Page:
Robot noses could soon detect undiagnosed diseases by ‘smelling’ someone’s breath

HANGZHOU, China — Scientists say a robot nose could soon be able to sniff hidden diseases simply by “smelling” a patient’s breath. An international team is working on new techniques which analyze the chemical compounds in a person’s breath, sweat, and tears — adding that these chemicals serve as “fingerprints” for thousands of diseases.

Scientists call this concept “volatolomics” and note that it’s still several steps away from working in a lab to becoming a commercially available product for doctors and consumers.

As for how it works, when someone smells a fragrance, a fresh flower, delicious cooking, or just gets a whiff of garbage, their nose is encountering volatile organic compounds. These chemicals have a low boiling and evaporate very easily — which is why they’re “volatile.”

Every organism actually releases VOCs whether they know it or not. The body does this for defense, communication, and even reproduction. However, our bodies also release VOCs incidentally in response to biological changes — such as getting sick. Study authors note that the release of these compounds is unique to each biological process, creating a VOC fingerprint that ties them to certain diseases.

For doctors, volatolomics creates a way of finding illnesses in their earliest stages of development. For diseases like cancer, this is crucial, since cancer is significantly easier to treat before it spreads throughout the body.

Taking an old idea into thew 21st century

Although volatolomics is a relatively new field, researchers say the concept of smelling someone’s breath to find disease actually dates back to the Ancient Greek physician Hippocrates and the Ancient Chinese doctor Bian Que.

More recently, scientists have identified thousands of VOC signatures over the last five decades. Unfortunately, scientists didn’t have the technology to do anything with this information 40 or 50 years ago.

Now, machine learning technology and artificial intelligence is allowing scientists to put all of this data to use. Meanwhile, nanomaterial sensors like the “eNose” can accurately spot VOC fingerprints coming from food, beverages, pollution, and people.

“But the field is so young, and draws in researchers from many fields such as chemistry, electrical engineering, computer science, materials science, and of course clinicians who deal with patients every day, who are unused to speaking to each other, who typically employ different methodologies, and who often do not even use the same terms,” says study co-author Yun Qian, a researcher with the Cancer Center of Zhejiang University, in a media release.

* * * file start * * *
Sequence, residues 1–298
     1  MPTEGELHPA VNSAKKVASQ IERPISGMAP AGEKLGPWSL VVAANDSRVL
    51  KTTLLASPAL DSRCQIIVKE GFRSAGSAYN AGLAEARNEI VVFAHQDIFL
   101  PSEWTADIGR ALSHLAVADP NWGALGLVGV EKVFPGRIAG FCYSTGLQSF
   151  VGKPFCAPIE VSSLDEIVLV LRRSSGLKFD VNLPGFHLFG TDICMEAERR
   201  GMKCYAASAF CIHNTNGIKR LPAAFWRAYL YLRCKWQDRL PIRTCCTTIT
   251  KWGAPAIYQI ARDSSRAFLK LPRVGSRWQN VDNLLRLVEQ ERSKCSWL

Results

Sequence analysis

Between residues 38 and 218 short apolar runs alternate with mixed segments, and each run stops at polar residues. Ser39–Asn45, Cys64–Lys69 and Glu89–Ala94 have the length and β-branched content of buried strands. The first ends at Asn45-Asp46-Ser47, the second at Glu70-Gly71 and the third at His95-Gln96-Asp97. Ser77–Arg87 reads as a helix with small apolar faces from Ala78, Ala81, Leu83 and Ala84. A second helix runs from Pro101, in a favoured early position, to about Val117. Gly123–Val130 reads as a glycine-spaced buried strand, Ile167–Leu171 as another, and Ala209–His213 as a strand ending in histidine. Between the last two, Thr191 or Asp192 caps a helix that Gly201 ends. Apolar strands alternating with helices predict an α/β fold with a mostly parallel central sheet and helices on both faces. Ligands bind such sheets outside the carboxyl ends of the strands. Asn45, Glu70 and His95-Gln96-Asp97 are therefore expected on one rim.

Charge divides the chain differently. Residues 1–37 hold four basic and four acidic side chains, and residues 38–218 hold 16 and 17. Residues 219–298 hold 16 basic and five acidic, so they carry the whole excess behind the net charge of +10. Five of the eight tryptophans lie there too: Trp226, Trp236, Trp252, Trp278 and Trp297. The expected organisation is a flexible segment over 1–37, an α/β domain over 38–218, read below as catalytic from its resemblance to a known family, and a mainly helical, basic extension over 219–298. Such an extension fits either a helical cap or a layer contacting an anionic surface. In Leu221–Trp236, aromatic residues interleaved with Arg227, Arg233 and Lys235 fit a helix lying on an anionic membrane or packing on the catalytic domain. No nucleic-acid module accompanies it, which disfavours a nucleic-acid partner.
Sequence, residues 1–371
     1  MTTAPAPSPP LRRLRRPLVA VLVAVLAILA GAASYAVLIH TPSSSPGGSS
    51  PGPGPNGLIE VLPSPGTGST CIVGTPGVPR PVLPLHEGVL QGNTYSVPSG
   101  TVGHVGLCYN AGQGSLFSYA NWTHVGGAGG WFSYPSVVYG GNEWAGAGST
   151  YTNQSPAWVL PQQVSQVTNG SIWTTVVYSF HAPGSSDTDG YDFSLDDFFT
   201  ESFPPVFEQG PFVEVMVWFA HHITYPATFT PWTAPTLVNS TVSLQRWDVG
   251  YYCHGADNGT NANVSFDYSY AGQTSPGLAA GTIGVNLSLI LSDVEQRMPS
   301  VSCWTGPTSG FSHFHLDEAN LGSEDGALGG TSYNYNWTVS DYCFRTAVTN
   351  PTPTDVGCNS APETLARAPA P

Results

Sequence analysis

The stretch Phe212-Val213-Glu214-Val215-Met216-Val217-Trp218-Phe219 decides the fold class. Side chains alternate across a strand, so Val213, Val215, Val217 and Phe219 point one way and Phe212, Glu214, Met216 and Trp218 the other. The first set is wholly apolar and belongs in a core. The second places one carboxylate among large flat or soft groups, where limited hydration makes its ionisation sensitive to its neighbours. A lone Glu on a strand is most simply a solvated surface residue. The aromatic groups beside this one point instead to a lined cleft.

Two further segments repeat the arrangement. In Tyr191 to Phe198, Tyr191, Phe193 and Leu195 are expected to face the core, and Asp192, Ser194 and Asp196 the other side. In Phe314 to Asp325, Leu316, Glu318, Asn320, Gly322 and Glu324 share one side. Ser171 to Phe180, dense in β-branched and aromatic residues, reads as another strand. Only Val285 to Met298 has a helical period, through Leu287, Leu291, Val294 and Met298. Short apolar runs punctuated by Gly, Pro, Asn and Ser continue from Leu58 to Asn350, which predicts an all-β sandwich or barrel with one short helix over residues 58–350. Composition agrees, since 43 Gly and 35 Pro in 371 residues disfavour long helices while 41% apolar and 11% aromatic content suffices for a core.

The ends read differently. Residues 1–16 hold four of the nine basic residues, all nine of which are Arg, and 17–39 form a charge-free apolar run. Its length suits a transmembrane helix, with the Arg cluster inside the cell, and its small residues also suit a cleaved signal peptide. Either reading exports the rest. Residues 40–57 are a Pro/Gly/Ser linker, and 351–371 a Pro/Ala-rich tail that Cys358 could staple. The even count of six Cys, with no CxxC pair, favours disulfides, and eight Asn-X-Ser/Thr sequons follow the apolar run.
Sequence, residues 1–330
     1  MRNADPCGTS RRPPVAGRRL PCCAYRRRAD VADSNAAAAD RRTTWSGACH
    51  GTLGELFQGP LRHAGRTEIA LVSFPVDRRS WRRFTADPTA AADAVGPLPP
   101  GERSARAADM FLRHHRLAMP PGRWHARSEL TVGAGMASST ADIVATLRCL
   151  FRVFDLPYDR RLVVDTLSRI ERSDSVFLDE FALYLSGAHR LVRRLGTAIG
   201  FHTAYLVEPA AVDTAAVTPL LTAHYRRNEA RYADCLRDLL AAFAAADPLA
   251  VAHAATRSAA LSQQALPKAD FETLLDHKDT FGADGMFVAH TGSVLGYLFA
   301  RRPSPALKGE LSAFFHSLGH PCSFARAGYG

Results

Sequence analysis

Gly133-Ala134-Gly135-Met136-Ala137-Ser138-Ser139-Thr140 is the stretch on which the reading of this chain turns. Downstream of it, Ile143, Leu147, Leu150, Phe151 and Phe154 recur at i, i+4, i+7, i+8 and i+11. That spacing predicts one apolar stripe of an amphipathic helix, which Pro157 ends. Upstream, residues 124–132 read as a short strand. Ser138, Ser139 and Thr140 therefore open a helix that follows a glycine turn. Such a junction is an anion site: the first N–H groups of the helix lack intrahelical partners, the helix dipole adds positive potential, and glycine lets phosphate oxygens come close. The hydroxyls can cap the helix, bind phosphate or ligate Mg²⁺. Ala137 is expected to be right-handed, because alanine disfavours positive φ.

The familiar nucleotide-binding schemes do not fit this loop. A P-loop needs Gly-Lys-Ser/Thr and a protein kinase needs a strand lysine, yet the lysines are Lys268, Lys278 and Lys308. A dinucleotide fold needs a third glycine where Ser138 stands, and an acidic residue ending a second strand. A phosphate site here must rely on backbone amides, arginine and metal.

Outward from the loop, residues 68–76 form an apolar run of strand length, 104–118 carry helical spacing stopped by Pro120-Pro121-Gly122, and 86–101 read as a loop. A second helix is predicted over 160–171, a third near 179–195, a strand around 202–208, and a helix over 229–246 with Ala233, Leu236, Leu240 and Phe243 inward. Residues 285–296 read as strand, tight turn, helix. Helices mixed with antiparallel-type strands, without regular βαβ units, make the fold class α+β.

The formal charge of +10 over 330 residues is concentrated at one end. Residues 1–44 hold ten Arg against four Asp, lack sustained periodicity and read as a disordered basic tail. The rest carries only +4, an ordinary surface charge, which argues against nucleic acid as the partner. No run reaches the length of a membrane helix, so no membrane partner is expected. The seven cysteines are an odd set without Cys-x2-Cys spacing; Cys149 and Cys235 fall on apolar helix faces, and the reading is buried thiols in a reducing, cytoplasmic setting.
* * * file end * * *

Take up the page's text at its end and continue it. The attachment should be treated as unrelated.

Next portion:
“So we brought a bunch of us from these various disciplines together to write a comprehensive review paper that we hope will work as a bridge connecting each other’s expertise in this sprawling field.”

What obstacles are still waiting for the robot nose?

In the new study, the team first summarized all the VOCs that have a connection to disease that come from bodily sources.

“This part of the review was crucial, as such a list of targets has been highly sought after by the chemists, materials scientists, and electrical engineers in particular,” says Mingshui Yao, a researcher at the State Key Laboratory of Multi-phase Complex Systems with the Chinese Academy of Sciences. “They needed to know what the fingerprints or ‘biomarkers’ are that they are designing their diagnostic equipment for. Now they can just look this up.”

In the next part of their review, they looked at the challenges still facing VOC detection devices like the advanced “electronic nose” and “photonic nose.”

The authors hope their review highlights all the gaps scientists still need to fill, especially in regard to better VOC absorbing materials, selective sensing materials, advanced sensor structures, and smart data-processing methods before this technology becomes a reality.

The team’s findings appear in the journal Nano Research.

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About the Author

Chris Melore

Chris Melore has been a writer, researcher, editor, and producer in the New York-area since 2006. He won a local Emmy award for his work in sports television in 2011.

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